Yew (Taxus species) is an exception—cuttings in any form from this poisonous shrub should never be used in wreathes, garlands or decorations on stall doors, on fences, or in barns or pastures where horses might have any access at all. The Japanese yew (Taxus cuspidate), a common landscape shrub, is the most widely recognized yew, growing well in almost all parts of the United States, but other yews such as the English yew (Taxus baccata) and Canada yew (Taxus canadensis) are also poisonous. The dark-green needles and attractive fleshy, red fruit make it an ideal candidate for holiday decorations, but the needles and seeds, dried or fresh, are highly toxic to horses, dogs, cats, livestock and people.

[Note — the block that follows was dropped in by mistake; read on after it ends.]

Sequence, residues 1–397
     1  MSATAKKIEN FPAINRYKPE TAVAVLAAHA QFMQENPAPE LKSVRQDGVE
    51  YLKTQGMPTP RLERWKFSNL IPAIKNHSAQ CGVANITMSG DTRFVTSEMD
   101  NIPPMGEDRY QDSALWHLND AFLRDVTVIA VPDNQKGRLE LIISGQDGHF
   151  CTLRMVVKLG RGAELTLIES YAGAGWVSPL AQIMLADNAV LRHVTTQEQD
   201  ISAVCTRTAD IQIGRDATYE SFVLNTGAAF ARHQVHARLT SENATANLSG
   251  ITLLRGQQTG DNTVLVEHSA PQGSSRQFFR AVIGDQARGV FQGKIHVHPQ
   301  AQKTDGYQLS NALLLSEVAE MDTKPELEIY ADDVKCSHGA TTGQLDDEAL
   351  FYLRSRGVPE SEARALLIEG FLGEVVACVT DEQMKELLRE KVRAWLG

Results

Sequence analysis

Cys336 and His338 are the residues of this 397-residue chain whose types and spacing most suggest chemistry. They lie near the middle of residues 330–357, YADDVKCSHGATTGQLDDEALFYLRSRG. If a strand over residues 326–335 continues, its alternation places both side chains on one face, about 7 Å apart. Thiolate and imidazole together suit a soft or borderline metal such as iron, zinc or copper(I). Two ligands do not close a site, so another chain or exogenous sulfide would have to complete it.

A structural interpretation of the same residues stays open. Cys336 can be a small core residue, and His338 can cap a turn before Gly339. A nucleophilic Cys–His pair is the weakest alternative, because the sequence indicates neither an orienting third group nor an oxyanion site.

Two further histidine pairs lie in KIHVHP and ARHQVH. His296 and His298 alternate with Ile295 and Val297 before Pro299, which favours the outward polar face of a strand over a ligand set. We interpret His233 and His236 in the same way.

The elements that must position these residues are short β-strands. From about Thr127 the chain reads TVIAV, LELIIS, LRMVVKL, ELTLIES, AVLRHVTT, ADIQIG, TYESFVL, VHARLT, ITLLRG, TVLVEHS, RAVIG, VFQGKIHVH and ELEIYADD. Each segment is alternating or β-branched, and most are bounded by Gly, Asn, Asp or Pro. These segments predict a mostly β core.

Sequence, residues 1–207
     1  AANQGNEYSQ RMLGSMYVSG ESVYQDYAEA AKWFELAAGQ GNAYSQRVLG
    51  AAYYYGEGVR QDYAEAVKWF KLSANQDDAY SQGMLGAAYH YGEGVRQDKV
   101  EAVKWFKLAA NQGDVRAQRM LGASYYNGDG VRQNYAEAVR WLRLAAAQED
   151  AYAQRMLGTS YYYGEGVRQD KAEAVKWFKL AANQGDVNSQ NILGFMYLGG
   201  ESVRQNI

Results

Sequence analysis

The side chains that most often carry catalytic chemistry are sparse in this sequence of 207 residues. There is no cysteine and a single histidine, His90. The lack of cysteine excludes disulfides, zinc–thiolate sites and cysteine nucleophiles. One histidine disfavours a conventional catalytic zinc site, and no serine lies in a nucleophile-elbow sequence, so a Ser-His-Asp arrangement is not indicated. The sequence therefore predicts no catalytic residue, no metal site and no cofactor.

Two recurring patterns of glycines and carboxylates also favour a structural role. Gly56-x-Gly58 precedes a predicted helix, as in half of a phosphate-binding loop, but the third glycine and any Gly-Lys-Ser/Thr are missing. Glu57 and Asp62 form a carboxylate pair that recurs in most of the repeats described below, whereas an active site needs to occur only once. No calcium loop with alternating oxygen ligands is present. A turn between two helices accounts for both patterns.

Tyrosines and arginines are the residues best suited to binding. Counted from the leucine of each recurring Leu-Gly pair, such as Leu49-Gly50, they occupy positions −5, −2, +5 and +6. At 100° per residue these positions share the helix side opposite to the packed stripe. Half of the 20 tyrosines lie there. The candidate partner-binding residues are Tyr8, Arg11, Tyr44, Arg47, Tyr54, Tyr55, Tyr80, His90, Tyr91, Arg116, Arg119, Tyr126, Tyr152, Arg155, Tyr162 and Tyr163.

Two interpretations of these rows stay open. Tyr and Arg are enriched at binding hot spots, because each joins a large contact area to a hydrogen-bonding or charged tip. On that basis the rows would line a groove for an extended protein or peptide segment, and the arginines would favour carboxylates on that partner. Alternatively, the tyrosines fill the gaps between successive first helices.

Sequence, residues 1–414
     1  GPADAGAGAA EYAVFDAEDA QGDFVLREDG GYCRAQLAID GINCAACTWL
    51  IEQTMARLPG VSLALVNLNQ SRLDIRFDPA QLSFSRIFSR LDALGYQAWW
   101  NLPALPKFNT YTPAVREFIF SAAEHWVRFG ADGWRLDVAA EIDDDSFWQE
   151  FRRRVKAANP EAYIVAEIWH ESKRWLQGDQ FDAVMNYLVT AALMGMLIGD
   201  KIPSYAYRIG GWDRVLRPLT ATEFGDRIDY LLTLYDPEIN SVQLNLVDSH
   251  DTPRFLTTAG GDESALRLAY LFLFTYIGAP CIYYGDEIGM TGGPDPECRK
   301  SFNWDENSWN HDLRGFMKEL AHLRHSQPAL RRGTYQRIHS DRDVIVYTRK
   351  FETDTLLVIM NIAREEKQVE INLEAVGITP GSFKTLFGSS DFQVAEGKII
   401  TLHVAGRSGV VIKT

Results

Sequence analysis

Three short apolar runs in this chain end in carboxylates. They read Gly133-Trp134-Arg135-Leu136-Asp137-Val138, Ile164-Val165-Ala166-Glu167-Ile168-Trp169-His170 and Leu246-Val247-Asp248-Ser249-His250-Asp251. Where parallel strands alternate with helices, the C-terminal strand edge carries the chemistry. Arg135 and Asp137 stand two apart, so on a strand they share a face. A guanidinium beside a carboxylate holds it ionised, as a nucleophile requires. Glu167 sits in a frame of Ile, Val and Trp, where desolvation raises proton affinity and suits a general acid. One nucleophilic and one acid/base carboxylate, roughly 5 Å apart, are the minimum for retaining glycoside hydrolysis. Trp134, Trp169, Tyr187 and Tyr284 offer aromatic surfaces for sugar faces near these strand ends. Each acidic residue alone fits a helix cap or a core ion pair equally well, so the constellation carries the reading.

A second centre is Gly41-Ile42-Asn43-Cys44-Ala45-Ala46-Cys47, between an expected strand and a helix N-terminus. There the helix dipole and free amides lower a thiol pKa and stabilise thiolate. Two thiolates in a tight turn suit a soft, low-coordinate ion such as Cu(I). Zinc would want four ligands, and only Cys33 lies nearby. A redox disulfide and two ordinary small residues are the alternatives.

Widely referred to as the “tree of death,” yew plants contain several alkaloids that affect cardiac activity. Collectively referred to as “taxines,” the toxins inhibit sodium and calcium exchange in myocardial cells, resulting in abnormal electrical activity and cardiac arrhythmias. The amount of yew necessary to cause toxicosis in horses is very small—estimated to be about 227 g (0.5 lb) for a 454-kg (1,000-lb) horse—and the onset of action is so rapid (generally two to three hours) that most horses are found dead next to yew clippings, wreathes or shrubs. Common signs evident before death include muscle tremors, ataxia, bradycardia, dyspnea and seizures. Sadly, there is no antidote and most horses die even when supportive treatment is provided.